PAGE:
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Assembly and phase transitions of colloidal crystals

Abstract

Micrometre-sized colloidal particles can be viewed as large atoms with tailorable size, shape and interactions. These building blocks can assemble into extremely rich structures and phases, in which the thermal motions of particles can be directly imaged and tracked using optical microscopy. Hence, colloidal particles are excellent model systems for studying phase transitions, especially for poorly understood kinetic and non-equilibrium microscale processes. Advances in colloid fabrication, assembly and computer simulations have opened up numerous possibilities for such research. In this Review, we describe recent progress in the study of colloidal crystals composed of tunable isotropic spheres, anisotropic particles and active particles. We focus on advances in crystallization, melting and solid–solid transitions, and highlight challenges and future perspectives in phase-transition studies within colloidal crystals.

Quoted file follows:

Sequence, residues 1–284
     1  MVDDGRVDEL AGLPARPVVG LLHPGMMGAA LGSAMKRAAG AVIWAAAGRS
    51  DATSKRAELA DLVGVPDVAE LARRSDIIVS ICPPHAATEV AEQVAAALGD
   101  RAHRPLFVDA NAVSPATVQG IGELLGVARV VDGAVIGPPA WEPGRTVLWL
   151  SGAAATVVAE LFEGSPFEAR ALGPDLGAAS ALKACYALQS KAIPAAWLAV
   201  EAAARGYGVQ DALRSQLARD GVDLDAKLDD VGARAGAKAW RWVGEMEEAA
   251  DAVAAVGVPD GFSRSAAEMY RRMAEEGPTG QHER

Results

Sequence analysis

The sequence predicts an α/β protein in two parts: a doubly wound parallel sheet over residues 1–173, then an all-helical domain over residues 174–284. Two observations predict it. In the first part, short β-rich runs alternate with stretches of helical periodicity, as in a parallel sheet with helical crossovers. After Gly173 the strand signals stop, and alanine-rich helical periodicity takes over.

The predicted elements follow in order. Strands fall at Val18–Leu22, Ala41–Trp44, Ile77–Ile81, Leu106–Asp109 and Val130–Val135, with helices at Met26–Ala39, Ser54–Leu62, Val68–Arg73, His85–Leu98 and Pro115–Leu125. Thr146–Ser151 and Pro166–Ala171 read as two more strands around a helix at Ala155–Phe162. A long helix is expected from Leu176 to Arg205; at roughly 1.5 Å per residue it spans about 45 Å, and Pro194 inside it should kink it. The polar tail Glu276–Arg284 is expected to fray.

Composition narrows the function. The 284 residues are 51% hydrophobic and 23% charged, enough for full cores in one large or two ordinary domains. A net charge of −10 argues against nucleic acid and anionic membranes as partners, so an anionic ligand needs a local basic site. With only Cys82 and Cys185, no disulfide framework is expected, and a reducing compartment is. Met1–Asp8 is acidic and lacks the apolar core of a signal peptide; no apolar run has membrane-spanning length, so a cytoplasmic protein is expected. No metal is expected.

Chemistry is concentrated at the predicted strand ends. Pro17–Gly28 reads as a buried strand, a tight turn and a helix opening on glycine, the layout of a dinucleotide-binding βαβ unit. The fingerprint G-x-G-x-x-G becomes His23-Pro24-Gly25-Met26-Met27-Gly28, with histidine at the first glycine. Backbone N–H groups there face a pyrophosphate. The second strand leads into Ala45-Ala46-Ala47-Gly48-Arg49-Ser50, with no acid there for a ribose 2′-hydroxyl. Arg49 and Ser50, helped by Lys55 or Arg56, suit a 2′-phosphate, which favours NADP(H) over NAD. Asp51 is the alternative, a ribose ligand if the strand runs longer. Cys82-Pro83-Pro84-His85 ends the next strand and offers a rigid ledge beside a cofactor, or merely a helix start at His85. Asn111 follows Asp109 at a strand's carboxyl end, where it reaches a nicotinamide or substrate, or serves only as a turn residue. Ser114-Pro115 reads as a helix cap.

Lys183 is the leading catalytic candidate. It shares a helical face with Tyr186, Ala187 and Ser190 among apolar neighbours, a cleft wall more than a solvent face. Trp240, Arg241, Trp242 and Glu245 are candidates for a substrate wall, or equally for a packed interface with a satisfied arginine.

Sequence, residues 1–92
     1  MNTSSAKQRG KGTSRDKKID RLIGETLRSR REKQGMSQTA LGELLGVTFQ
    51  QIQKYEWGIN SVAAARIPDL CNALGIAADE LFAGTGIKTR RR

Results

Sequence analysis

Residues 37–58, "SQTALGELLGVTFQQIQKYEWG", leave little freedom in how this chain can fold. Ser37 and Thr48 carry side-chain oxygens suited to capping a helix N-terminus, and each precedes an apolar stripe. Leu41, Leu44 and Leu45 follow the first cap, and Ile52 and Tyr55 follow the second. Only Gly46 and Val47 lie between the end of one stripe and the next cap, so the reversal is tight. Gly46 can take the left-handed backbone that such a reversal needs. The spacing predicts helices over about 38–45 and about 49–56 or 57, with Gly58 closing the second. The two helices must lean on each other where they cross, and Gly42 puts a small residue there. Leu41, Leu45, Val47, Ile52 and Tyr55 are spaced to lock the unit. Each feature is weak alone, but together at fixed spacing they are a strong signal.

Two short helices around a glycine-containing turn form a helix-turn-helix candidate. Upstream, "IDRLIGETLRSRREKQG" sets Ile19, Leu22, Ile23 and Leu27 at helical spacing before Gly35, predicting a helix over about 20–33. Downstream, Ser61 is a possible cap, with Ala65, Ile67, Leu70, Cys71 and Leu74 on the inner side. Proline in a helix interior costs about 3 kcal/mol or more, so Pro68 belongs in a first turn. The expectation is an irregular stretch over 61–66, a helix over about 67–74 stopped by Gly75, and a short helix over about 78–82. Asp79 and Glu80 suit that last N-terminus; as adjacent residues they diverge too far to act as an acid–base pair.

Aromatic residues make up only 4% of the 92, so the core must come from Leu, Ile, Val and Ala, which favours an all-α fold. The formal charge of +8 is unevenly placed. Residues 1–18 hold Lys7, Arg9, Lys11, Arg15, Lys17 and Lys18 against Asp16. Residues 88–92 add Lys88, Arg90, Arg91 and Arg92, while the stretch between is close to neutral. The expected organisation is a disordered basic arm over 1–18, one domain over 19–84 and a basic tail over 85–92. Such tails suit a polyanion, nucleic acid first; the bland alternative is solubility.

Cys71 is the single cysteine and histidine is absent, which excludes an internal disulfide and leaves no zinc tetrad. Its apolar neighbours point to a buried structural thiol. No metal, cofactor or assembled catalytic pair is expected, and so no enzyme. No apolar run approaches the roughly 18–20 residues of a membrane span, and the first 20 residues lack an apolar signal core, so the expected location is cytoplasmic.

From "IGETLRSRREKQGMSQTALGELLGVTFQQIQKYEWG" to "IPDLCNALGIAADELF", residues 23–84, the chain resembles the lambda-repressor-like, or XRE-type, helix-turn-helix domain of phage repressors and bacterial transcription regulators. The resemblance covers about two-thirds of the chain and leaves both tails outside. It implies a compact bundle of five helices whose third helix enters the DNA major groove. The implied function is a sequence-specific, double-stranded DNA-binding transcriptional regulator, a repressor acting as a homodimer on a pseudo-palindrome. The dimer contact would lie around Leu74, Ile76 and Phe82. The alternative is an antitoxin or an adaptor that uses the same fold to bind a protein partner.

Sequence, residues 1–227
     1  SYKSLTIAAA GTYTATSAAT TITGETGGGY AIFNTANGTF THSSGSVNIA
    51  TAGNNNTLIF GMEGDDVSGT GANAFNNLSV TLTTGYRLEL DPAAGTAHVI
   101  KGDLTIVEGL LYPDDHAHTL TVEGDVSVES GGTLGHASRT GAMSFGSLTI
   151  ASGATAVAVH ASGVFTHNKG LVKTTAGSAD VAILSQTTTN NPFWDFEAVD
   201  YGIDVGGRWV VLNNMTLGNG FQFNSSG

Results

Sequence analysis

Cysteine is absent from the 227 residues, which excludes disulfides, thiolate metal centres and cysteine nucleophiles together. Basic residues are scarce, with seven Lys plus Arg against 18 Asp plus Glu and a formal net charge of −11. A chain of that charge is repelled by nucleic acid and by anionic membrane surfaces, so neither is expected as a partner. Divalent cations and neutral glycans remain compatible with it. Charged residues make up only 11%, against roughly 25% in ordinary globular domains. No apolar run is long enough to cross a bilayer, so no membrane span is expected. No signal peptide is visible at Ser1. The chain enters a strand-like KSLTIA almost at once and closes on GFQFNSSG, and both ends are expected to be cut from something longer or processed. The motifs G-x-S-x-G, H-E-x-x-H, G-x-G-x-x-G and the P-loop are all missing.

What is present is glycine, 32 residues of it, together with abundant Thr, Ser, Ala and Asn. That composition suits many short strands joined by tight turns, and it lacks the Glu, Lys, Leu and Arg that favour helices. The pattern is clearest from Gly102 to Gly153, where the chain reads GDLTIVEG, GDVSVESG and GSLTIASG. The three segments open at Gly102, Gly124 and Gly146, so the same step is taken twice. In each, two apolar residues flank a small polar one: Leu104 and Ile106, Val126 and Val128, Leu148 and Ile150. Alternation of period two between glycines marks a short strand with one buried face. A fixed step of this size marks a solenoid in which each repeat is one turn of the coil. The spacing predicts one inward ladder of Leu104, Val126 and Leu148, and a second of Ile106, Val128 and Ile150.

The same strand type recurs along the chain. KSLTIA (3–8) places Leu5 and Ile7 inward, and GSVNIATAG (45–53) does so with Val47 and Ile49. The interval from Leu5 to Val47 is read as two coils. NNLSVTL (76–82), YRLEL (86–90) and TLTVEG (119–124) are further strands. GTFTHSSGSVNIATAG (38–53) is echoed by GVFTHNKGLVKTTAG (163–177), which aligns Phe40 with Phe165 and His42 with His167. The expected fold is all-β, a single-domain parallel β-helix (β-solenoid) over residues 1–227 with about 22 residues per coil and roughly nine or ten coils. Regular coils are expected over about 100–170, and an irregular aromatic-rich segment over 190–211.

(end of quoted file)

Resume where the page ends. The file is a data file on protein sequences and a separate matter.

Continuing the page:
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Figure 1: Phase diagrams of monodispersed colloids.
Figure 2: Strategies used to assemble isotropic particles into crystals.
Figure 3: Colloidal crystals composed of anisotropic or active particles.
Figure 4: Phase-transition studies within colloidal crystals in the past two decades.
Figure 5: Phase-transition kinetics and free-energy barriers.

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Acknowledgements

This work was supported by grants RGC-GRF16301514 and ANR/RGC-A-HKUST616/14.

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Li, B., Zhou, D. & Han, Y. Assembly and phase transitions of colloidal crystals. Nat Rev Mater 1, 15011 (2016). https://doi.org/10.1038/natrevmats.2015.11

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